A couple of weeks ago I had the audacity to gloat about MY new speakers that were being set up in MY living space to provide ME with my own source of auditory pleasure. Yes, well, as with all of my gloating, the time has come to acknowledge I was misguided.

The new system, briefly known as "mine," has become very attractive to The Audiophile because it is hooked up to a thing that siphons music from heaven or wherever it is music lives when it is not vacationing on a compact disc. Consequently, the Audiophile has quickly become addicted to the manna and has been inhaling deeply from the personalized stations he has created to play his favorite music both past and present. Mostly past. Mostly by artists with whom I have been happily unfamiliar.

I concede I have horrible taste in music, which I blame on Nancy Sinatra and a pair of fabulous white fashion boots that I was given shortly after birth. Still, it is probably damaging my fragile self-esteem to allow someone else to select all of the music all of the time on a system that I now suspect was never going to be mine from the onset.

To remedy this situation, I took the liberty of creating my own personalized station this week. The thing is, the station was so bad no amount of clicking "thumbs up" or "thumbs down" could make it palatable--even for me. So, although I may not enjoy all of the music selected by The Audiophile, at least he can boast that no genomes were harmed in the making of his stations.

And that, my friends, is audio winning.

Friday, November 4, 2011

The Windy City

Periodically The Audiophile and I take a trip to Chicago, which really needs to consider adopting a tag line that doesn't blatantly announce my every waking moment will be spent dragging my hair from my mouth.

On a recent trip, The Audiophile called ahead to area stereo shops to see if there was any gear he needed to visit at a remote location that likely doubled as a cover for other questionable activities. Sure enough, there was just such an item in just such a location for our homicidal pleasure, so we hailed a taxi and took off in a northerly direction from the heart of the city. We departed the taxi in an area of town that easily-frightened tourists commonly describe as "why didn't we tell the cabbie to wait" ville.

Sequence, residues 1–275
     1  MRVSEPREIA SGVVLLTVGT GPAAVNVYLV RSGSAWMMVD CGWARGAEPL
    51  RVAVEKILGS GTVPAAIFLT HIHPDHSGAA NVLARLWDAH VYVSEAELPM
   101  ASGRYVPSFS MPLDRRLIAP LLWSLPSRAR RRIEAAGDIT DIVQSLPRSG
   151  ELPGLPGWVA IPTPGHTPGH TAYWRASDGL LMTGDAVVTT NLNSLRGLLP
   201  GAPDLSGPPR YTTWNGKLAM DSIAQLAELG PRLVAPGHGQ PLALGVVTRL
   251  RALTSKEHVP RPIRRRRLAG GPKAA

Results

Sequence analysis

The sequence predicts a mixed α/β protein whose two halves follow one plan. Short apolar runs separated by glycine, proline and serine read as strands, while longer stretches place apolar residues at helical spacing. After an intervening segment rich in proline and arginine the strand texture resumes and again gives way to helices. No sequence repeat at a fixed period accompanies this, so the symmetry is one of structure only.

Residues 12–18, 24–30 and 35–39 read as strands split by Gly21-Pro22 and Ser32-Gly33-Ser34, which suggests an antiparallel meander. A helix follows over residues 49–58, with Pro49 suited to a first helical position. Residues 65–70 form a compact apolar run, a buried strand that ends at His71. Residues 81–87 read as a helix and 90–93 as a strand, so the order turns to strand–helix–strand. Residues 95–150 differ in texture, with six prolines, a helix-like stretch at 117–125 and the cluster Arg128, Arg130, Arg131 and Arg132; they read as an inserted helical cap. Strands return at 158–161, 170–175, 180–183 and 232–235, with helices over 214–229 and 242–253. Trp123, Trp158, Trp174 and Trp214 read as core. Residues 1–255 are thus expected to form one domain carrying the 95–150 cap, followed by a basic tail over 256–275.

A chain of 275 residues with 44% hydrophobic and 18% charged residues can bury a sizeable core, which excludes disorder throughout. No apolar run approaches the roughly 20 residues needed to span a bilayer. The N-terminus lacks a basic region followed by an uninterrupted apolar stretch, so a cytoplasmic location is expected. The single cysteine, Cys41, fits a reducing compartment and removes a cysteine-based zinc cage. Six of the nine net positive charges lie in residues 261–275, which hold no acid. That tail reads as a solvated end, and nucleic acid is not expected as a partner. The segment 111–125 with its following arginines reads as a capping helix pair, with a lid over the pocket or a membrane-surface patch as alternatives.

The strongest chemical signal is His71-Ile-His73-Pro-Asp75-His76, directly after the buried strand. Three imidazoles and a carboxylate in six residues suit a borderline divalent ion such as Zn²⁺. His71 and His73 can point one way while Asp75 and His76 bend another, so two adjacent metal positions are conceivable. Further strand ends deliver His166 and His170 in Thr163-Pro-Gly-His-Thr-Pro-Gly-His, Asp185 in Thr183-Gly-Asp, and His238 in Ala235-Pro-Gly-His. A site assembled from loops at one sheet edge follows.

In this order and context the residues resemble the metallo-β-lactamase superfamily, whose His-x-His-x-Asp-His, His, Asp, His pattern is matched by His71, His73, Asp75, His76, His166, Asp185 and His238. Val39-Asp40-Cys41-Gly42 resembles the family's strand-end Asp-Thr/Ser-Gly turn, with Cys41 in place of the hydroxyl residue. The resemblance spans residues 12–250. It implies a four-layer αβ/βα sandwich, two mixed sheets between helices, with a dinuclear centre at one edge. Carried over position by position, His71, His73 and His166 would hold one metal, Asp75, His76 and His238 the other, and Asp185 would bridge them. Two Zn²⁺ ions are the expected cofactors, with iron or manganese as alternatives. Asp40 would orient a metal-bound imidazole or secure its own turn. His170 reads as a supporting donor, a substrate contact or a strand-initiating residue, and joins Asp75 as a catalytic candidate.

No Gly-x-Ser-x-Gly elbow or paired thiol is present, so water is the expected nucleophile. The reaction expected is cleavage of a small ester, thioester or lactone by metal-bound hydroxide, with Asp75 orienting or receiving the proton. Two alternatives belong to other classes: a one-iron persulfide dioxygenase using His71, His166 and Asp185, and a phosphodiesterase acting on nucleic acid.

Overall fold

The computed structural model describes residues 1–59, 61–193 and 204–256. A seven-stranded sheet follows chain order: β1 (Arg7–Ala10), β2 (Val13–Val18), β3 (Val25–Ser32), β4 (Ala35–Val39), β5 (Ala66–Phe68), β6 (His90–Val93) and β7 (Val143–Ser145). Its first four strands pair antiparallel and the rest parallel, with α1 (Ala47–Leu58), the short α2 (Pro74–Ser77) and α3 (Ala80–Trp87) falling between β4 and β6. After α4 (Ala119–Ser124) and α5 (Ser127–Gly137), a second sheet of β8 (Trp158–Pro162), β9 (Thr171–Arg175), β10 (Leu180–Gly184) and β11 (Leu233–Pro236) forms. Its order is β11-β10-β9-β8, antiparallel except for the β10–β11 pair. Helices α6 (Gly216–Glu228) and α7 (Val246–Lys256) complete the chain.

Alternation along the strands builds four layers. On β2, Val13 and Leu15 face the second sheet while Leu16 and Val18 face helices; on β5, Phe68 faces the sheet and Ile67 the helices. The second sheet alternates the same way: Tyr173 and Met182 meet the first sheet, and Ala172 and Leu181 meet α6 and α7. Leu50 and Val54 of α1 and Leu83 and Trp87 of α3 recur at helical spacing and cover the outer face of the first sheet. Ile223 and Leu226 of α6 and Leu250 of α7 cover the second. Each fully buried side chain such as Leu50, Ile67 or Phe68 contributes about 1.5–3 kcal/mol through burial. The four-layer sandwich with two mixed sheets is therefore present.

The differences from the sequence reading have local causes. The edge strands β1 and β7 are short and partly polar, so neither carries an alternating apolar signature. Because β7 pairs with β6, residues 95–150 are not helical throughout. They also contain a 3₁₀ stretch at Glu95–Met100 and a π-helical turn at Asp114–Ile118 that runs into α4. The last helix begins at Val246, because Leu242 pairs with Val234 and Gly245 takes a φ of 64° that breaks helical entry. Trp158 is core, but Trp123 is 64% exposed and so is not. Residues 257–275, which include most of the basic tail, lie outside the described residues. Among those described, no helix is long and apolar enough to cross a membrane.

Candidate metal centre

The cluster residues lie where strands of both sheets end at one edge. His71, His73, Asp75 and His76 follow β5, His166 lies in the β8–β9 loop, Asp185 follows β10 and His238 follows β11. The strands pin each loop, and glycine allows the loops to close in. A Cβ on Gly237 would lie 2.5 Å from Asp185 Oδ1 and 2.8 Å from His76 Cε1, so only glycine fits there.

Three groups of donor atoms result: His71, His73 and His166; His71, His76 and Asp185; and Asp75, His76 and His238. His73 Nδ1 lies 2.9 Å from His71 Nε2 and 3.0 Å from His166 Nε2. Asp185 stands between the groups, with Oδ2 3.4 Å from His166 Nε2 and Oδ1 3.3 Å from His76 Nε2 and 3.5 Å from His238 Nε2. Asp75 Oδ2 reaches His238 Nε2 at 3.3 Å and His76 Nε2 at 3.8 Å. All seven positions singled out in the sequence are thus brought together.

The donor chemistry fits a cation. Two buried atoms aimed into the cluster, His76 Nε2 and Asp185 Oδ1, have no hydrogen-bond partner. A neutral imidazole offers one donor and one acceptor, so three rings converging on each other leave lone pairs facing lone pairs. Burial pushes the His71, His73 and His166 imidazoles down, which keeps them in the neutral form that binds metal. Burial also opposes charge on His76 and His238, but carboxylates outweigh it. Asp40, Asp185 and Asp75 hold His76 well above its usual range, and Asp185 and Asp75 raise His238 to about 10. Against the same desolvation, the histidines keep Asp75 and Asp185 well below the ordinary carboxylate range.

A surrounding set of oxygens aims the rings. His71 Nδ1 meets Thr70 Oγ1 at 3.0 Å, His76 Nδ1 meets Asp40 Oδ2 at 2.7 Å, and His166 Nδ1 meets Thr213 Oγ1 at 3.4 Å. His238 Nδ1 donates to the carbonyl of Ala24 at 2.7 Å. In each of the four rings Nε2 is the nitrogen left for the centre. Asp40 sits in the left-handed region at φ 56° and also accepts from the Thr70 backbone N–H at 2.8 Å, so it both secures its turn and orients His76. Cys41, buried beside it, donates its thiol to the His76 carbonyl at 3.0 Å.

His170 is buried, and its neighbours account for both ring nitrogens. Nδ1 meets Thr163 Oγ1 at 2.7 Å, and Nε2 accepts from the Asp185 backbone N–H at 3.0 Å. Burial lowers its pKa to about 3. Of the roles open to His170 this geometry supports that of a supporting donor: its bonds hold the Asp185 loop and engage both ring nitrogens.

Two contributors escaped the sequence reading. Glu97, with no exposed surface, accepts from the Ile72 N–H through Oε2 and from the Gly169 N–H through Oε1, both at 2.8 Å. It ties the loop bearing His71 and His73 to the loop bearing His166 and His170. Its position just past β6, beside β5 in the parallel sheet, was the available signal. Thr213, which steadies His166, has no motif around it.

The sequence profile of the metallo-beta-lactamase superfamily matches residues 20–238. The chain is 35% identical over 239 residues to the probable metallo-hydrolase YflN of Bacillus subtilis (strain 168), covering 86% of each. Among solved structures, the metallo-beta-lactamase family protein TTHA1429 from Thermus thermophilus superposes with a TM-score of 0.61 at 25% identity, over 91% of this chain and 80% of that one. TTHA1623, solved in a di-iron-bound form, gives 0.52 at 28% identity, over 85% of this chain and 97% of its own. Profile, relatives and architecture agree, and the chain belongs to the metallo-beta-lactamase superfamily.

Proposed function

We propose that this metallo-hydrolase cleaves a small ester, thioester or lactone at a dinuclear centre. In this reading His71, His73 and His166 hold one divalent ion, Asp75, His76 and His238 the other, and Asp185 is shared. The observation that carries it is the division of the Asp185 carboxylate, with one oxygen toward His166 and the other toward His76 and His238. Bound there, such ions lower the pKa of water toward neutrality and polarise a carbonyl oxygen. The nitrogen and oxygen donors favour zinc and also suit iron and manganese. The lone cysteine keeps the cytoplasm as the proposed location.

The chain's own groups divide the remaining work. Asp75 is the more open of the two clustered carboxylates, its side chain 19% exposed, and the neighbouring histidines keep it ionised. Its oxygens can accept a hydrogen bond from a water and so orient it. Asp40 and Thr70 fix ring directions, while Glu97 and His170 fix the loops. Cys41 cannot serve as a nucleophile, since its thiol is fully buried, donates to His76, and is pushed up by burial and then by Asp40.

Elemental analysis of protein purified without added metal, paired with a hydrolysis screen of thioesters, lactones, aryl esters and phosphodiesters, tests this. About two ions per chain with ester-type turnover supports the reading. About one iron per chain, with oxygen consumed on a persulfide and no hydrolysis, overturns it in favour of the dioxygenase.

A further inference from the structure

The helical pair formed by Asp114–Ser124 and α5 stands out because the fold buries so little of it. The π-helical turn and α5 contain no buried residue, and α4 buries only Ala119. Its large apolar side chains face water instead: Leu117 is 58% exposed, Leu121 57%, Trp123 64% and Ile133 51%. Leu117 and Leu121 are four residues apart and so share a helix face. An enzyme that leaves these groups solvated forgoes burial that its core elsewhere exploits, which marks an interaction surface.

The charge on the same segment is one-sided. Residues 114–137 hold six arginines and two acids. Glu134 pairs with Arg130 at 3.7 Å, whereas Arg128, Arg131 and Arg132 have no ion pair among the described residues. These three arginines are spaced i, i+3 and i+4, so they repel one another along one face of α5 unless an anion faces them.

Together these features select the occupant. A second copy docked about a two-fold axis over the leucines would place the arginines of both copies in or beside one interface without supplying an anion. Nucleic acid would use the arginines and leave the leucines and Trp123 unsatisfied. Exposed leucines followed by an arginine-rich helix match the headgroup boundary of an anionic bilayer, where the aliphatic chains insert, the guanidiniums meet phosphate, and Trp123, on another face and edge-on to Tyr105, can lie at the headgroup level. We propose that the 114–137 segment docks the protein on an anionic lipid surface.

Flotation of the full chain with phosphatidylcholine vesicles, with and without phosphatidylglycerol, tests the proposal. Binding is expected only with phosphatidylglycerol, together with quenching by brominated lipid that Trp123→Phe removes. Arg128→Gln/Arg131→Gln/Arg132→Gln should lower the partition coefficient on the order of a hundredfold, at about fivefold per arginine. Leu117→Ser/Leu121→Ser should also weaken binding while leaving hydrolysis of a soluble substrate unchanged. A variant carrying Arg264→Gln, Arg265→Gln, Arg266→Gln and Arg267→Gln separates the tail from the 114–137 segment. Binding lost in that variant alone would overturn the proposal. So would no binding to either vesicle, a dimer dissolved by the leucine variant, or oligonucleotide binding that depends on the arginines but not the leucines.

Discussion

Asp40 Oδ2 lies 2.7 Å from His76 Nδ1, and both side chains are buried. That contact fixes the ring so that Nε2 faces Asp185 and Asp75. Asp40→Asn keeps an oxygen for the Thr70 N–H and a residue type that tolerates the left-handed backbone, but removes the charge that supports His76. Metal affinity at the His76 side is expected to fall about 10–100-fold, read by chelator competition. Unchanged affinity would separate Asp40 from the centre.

The owner of the establishment eagerly invited The Audiophile inside while I stood in the entry and ran the calculations on whether three people could simultaneously fit inside the store without personal violation. Ultimately the visit only lasted a couple of minutes because the proprietor had, it seems, exaggerated the quality, condition, and sheer existence of his inventory.

Fortunately it was a beautiful day for a purposeful walk with The Audiophile. I complimented him on his prophetic suggestion to start the day with sensible footwear as we quietly discussed whether we were still capable of sprinting should the need the arise. Thankfully, the need did not arise, and we eventually found the Brown Line and returned to familiar territory just in time for an architectural boat tour narrated over a pair of all-weather speakers, which, if I'm not mistaken, could have benefited from better cables and a tweak to the mid-range.

And that, my friends, is audio winning.